Operations Strategy What is Operations Strategy ?

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Operations Strategy

What is Operations Strategy ?

  • Operations Strategy is concerned with setting broad policies and plans for using firm resources to best support long-term competitive strategy.
  • Operations strategy needs to support overall corporate strategy.

Competitive Dimensions

  • Cost
  • Quality (product & process)
  • Delivery Speed
  • Delivery Reliability
  • Demand Management
  • Variety
  • Innovation
  • Make it cheap
  • Make it good
  • Make it fast
  • Deliver as promised
  • Handle Changes in Demand
  • Make more than one type
  • First mover advantage

Competitive Dimensions

  • All of the competitive dimensions are important…
  • why not try to excel along every one?

Competitive Dimensions and Trade-offs

  • Trade-offs
  • Trade-offs: Decisions that arise because of the inability of processes to excel simultaneously across all competitive dimensions.

Which Dimensions Should Be the Focus?

  • Order winners: Criterion that differentiates one firm from another.
  • Examples: Cost (Southwest Airlines), service quality (Ritz-Carlton Hotels), Flexibility (Dell)
  • Order qualifier: Criterion that permits the firm’s products to even be considered for purchase.
  • Example: basic quality necessary to be considered a good car (consumer reports).


  • Corporate Strategy
  • Marketing Strategy
  • Finance
  • Strategy
  • Operations Strategy

Developing an Operations Strategy

  • Segment the market according to the product group. Example: High-end vs. low-end consumers
  • Identify (a) product requirements, (b) demand patterns, (c) profit margins. Example: many components, seasonal, low demand, high profit margin.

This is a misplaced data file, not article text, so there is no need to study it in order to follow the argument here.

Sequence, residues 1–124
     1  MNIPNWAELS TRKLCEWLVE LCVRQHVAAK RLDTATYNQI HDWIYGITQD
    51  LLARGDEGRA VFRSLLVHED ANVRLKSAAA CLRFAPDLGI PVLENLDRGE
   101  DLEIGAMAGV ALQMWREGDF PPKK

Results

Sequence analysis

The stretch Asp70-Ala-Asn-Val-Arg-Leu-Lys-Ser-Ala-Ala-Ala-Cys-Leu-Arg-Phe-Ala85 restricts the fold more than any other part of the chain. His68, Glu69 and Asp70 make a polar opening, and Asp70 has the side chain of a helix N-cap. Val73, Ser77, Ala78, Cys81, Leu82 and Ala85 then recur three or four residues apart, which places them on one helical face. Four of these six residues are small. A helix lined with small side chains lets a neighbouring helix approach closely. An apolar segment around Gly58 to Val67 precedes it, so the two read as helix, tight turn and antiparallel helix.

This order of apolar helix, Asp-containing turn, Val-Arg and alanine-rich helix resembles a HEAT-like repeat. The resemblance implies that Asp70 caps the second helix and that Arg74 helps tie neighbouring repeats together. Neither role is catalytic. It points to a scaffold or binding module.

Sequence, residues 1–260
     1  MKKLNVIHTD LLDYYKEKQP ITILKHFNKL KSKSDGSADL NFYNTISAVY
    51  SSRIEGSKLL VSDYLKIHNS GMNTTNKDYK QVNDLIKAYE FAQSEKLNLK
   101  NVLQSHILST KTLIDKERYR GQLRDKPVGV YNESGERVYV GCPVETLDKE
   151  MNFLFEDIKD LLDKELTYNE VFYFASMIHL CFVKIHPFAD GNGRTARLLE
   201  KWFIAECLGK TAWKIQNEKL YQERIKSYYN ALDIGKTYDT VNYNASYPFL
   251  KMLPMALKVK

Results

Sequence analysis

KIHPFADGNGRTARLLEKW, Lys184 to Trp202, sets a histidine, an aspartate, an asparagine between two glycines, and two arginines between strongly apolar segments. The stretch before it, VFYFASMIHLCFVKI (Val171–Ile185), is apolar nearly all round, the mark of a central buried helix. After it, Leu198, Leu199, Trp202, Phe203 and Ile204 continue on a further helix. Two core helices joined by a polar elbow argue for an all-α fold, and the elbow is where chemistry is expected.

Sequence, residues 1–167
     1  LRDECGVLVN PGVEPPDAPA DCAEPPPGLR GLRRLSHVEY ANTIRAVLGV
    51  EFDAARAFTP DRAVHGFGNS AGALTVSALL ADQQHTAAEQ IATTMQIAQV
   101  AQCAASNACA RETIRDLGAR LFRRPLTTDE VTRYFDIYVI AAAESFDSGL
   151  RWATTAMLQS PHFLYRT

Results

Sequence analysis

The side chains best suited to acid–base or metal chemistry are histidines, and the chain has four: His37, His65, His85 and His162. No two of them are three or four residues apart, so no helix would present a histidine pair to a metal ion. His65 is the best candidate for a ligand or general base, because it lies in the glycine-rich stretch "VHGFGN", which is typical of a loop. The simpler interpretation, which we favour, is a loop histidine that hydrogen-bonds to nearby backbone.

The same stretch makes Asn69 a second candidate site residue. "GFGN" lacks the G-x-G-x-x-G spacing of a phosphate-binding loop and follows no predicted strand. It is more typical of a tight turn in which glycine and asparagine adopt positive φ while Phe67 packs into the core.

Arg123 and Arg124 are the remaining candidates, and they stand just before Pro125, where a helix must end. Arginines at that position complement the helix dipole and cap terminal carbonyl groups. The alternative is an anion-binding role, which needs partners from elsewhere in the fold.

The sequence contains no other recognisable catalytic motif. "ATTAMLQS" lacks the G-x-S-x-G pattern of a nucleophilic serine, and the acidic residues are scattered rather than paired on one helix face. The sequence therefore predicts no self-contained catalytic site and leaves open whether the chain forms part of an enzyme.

• Determine the order winners and order qualifiers. Example: delivery speed (winner), cost (qualifier)
  • Convert order winners into specific performance requirements. Example: Must sell at or below $600

Developing an Operations Strategy

  • The next step is to analyze the process level…
  • Define the complexity and volume of your product/service.
  • Define whether you offer few specific products/services or highly customized products/services.
  • Determine product design, process design, supply chain design, supplier relations, capacity management plan & technology choice



  • Southwest Operations – low cost
    • Point-to-point between midsize cities & secondary airports in large cities
    • 15-min gate turnaround
    • No meals
    • No assigned seats
    • No interline baggage checking
    • No premium classes of service
    • Automated gate ticketing
    • Standardized fleet of aircraft

Measuring whether the strategy is working

  • Productivity is a common measure for how well a company is utilizing its resources
  • Productivity measurement shows how well the company performs for a given level of inputs.
  • Partial measures may give more specific details about performance.

Productivity Measurement

  • Example: Consider the following case. A bank has net output (income) of $500,000. The bank employs 40,000 people.
  • The partial labor productivity is 500,000 / 40,000 = 12.5
  • What does this tell you?

Productivity Measurement

  • The productivity index is a relative measure.
  • It has to be compared with something else:
          • Benchmarking.
          • Changes over time.
    • The important thing is to be consistent in measurement!



  • Walmart – low cost
    • High investment into IT to manage inventory, analyze point of sales data, track shipments, etc.
    • Management by data
    • Scale
    • Negotiation power with suppliers

Summary and Conclusions

  • Firms must trade-off competitive dimensions when defining operations strategy.
  • This can be done by defining order winners and order qualifiers.
  • A Productivity Index can measure the relative performance between firms (or products, SBU’s, etc)

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